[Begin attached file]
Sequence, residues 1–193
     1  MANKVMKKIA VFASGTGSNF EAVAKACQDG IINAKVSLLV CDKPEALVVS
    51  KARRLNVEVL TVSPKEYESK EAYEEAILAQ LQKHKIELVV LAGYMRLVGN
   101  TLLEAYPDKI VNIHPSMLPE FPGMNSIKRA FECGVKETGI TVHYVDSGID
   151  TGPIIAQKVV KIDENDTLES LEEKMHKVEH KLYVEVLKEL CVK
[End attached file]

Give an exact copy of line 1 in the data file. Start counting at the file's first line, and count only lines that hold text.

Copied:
Sequence, residues 1–193